Heavy equipment is among the most expensive investments a business owner could make. Determining whether to have it repaired or rebuilt instead of getting a replacement is a decision that should not be taken lightly. In this article, we’ll help you weigh your options so that you can make an informed decision about what to do with your damaged machinery.
The Difference Between Repair, Restoration, and Replacement
A repair usually involves fixing the faulty components of the machine. In contrast, a restoration or rebuild involves replacing major and minor components and adjusting the calibration and settings to make it run like new.
A replacement is what it is: replacing the entire machine with a new or used one. Typically, an owner would prefer the replacement to be new or slightly used. If the option for the replacement is one that has been heavily used by the previous owner, you’d be wise to have your equipment restored or repaired instead. When that heavily used machine reaches the end of its operating life, you’ll end up with the same dilemma of having a damaged mechanism in your fleet.
Pros and Cons of Each Option
Repair – This is possibly the easiest short-term fix and the best option if you need your machine to function again as soon as possible. However, there is no assurance that you won’t run into the same problem again in the future.
Rebuild – A restoration process makes your equipment look and run like new for less money than a replacement. Plus, it also allows you to sell or trade your assets. On the other hand, it can cause an extended downtime in your business as the process can take longer to complete.
Replacement – If you’re replacing the damaged mechanism with a new one, you’ll enjoy the latest technology and the longest life expectation. The problem will be on the expenses as this is the most expensive option. You’ll have the taxes and warranty obligations to think about, too.
Important Things to Consider
1. Company Policy – Consult your rulebook if you have policies for this matter. Some private companies require replacement for machines that have reached their maximum operating hours for safety reasons. Given the high upfront costs of this asset, other companies want to realize its full value, so they opt for heavy machinery restoration. Either way, your company policy should give you a good head start on the issue.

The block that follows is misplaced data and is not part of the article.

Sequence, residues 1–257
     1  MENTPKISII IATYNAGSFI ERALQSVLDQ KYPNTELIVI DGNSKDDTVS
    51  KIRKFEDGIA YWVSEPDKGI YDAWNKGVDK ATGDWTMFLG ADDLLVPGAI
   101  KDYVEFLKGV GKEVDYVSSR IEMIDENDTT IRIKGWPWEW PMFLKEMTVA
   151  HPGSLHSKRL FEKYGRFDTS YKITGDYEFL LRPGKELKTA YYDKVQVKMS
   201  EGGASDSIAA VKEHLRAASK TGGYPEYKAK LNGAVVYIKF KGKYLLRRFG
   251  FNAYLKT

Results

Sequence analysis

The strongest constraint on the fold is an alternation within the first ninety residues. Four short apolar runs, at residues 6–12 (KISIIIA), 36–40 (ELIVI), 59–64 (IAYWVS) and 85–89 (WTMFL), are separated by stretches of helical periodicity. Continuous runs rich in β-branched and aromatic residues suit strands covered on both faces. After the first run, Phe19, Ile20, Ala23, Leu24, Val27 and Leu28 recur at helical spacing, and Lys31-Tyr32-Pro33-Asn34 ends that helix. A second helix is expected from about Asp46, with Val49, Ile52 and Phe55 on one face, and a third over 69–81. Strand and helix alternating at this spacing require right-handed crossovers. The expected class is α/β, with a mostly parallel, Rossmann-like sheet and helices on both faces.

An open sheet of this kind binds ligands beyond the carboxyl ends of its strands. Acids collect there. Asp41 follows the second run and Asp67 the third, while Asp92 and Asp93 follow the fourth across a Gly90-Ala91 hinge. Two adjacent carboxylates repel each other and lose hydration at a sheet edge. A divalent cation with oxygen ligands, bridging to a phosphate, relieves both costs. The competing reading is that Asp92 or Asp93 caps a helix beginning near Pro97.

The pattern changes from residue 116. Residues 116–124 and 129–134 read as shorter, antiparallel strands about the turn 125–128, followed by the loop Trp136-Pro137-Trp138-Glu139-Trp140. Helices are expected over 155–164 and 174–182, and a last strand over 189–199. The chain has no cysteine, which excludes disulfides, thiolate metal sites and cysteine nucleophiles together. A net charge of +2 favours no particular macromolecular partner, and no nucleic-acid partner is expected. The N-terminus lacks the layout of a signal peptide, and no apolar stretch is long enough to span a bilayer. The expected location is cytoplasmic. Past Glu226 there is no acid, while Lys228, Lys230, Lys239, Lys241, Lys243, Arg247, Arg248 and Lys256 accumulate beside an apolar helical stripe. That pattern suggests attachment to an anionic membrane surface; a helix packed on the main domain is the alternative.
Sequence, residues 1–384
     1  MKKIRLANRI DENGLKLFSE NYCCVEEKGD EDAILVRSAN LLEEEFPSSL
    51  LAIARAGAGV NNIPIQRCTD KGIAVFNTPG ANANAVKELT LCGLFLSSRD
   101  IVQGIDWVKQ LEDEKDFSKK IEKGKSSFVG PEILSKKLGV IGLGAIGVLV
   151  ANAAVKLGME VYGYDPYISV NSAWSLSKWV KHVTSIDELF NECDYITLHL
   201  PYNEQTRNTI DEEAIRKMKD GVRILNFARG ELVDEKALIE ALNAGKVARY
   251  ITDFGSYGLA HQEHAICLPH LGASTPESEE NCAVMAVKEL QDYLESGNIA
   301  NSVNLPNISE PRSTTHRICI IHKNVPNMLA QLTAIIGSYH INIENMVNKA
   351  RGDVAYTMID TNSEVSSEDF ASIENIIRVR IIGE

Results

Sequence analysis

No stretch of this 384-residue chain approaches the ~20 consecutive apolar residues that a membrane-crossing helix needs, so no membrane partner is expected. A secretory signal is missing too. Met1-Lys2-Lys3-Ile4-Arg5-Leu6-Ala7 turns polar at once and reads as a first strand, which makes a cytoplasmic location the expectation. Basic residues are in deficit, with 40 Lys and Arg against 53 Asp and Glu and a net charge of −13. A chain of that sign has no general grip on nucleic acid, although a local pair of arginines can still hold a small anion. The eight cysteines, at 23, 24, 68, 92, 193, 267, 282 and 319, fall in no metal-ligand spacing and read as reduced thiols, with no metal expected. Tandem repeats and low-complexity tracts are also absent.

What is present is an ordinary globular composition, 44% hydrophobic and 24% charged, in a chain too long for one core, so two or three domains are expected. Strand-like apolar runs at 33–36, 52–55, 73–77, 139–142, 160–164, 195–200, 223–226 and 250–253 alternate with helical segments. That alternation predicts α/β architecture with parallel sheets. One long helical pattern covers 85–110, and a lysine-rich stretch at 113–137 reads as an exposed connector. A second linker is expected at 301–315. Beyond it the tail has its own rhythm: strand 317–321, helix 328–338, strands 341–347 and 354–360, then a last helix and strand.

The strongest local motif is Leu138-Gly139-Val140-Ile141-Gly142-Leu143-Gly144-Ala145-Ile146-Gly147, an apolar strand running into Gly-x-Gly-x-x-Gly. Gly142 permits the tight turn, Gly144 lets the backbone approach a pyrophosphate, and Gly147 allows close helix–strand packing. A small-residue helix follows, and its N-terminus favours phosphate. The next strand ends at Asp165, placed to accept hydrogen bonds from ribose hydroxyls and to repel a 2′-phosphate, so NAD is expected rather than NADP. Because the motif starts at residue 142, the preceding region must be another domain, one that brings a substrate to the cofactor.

2. Repair Warranty – A warranty gives you peace of mind that the manufacturer stands behind their products. When buying anything, the rule of the thumb is to pick an item that comes with a warranty. On the occasion that you need to bring your machine for repair, the costs will be covered, giving you one less thing to worry about.
3. Cash Flow Considerations – If your cash flow isn’t an issue, you wouldn’t have to choose the first place. However, business is business, and you have your finances to take care of. Create a cost analysis and consider the following when making a decision:
- For Repair – Warranty status, cost of repair, etc.
- For Rebuild – Cost of parts and labor, etc.
- For Replacement – Cost of replacement, resale or trade cost of the damaged machine, disposal fee of the damaged device, cost of taxes, added financial value to the business, etc.
4. The 50/50 Replacement Rule – Consider the amount you’ll need to shell out for the repair and replacement. If the total cost of repair (including labor and parts) is higher than half the price of a replacement, it’s more practical to get a new one.
If you’re still unsure what to do next, ask more members of your company for their opinion on the matter.